The decedent first sustained injuries at some point in early 2004 and died on 21 November 2004. Since a notice of claim was not filed within 90 days from her death, leave to file a late notice was necessary. The personal injury claim accrued no later than the date of her death and, absent the application of a toll, the one–year–and–90–day limitations period expired in February 2006. Because the request for leave to file a late notice was not made within that time frame, as mandated by General Municipal Law, an extension of time to file such notice is not statutorily authorized unless the limitations period was tolled.

In wrongful death actions, claims belong to a decedent’s distributees rather than the estate standing in place of the decedent. For example, we observed that “any damages recovered are exclusively for the benefit of the decedent’s distributees” and that “the cause of action is not part of and bears no legal relationship to decedent’s estate”. Moreover, any damages must be “measured by the effect of the wrongful act on the distributees-the pecuniary loss suffered by the individual distributees as a result of decedent’s death” (id.). In contrast, a personal injury action brought seeks damages for an injury to the decedent and belongs to the estate. Lastly, we stressed that in a wrongful death case involving a sole infant distributee, it is the “infant child who has suffered any loss recognized by law” ( id.).

As held before, where no personal representative was otherwise available, it was reasonable to look at the distributee’s infancy status because the wrongful death claim belonged to him and would compensate him for damages that he directly sustained as a result of his mother’s death. A Queens Personal Injury Lawyer said that the distributee was “the only person … whose interests are at stake in bringing this [wrongful death] action”. In effect, we treated the distributee as the plaintiff under the tolling statute because, for all intents and purposes, the claim was his own.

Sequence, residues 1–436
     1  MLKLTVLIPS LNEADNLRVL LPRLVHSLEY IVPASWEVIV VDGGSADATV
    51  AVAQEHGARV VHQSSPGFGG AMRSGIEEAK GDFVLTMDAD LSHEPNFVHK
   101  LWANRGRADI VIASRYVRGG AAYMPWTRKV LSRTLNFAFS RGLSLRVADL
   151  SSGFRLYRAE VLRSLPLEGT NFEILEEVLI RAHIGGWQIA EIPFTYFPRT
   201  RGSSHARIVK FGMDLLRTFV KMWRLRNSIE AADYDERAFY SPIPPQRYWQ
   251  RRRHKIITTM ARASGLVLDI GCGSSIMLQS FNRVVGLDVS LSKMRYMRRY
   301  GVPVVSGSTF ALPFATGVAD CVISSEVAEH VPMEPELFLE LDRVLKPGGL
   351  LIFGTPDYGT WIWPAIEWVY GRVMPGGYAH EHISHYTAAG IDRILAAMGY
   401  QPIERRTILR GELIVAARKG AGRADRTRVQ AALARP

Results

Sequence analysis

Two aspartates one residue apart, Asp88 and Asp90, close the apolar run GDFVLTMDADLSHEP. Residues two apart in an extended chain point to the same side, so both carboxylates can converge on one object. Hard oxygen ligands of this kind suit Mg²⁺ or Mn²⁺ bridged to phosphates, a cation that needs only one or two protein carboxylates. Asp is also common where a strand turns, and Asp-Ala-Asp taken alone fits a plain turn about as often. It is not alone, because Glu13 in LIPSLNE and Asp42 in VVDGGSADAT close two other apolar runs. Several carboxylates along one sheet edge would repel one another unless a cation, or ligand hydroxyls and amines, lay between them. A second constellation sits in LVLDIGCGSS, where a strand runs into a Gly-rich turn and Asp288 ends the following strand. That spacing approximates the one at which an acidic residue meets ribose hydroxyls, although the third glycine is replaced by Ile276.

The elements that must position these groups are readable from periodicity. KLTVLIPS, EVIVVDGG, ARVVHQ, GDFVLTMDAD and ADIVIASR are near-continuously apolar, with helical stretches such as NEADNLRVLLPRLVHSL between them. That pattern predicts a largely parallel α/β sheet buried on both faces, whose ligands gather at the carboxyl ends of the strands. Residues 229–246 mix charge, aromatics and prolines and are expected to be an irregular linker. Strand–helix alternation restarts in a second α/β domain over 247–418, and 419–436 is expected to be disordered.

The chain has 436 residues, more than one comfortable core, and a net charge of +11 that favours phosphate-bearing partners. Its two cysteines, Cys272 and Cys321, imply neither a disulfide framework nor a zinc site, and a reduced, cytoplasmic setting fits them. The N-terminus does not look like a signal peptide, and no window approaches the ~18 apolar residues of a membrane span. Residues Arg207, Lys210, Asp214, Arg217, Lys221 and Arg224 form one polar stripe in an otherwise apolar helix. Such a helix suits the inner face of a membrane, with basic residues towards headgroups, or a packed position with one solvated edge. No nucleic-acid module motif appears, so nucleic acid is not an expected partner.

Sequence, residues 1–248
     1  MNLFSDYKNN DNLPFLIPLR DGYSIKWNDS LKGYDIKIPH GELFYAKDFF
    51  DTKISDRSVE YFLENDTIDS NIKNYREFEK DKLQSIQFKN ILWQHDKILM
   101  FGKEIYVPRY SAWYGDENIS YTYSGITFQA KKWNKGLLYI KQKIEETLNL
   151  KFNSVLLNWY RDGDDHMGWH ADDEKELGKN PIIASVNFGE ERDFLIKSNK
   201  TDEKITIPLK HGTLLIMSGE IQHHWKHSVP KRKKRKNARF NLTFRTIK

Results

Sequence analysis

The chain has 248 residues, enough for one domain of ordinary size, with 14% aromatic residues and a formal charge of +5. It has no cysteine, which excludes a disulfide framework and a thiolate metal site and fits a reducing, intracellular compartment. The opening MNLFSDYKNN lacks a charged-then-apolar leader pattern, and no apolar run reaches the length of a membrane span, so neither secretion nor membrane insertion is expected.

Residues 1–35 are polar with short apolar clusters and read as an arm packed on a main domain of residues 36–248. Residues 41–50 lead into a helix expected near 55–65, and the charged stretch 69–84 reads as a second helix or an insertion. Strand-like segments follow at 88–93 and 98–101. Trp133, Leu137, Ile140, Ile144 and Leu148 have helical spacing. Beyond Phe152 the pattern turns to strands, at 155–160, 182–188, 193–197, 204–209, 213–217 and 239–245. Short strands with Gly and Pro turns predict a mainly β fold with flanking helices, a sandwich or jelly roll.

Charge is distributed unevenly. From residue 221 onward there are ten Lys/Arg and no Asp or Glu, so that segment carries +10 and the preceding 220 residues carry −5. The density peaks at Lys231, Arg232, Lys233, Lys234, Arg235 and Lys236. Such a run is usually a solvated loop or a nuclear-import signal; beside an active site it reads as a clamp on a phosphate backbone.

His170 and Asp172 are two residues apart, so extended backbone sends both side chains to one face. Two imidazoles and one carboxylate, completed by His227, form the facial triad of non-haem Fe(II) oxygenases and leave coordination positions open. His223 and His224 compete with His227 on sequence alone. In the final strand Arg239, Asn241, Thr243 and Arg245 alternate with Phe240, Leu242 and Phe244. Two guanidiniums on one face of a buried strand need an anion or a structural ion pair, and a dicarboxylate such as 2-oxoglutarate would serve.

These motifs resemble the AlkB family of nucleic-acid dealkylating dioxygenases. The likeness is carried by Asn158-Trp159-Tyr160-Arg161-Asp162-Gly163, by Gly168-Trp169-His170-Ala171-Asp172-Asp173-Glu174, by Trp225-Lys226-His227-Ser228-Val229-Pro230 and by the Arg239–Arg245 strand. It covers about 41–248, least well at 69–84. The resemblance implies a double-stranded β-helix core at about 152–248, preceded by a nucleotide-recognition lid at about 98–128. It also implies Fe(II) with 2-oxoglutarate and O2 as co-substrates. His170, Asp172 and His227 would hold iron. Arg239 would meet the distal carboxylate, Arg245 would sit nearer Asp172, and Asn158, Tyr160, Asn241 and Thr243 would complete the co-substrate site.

Now, unlike a wrongful death claim that directly compensates a decedent’s distributees for their own damages, a personal injury claim is designed to compensate the decedent for injuries suffered and is personal to the deceased-in other words, it is a claim assumed by the estate.

A wrongful death action belongs to the decedent’s distributees and is designed to compensate the distributees themselves for their pecuniary losses as a result of the wrongful act. The proceeds are paid directly to the distributees in the proportions directed by the court, determined by their respective monetary injuries. On the other hand, a personal injury action on behalf of the deceased seeks recovery for the conscious pain and suffering of the deceased and any damages awarded accrue to the estate. Such a claim is personal to the deceased and belongs to the estate, not the distributees. The types of damages that are recoverable are different and the calculations of damages for the two claims are based on separate factors.

For the reason that it is the estate that recovers in a personal injury action, any proceeds will first be applied to outstanding liens, debts or expenses. Only after the obligations of the estate are fulfilled would any remaining funds be paid to beneficiaries or distributees. This is in stark contrast to the damages recoverable in a wrongful death action, where any proceeds are generally not subject to the claims of the estate’s creditors. In short, the two causes of action are “predicated on essentially different theories of loss which accrue to different parties”. The infant distributees here do not seek to recover their own damages through a personal injury claim. Rather, they hope to inherit through intestacy any damages that their sister would have been entitled to had she survived. The necessary connection between infant distributees and a personal injury action brought on behalf of the deceased under is missing since such a claim redresses a wrong suffered by the deceased, not the distributees.

In conclusion, the special infancy toll applicable in wrongful death actions involving sole infant distributees is not available for personal injury claims.

Consequently, the motion was denied and the personal injury claim dismissed.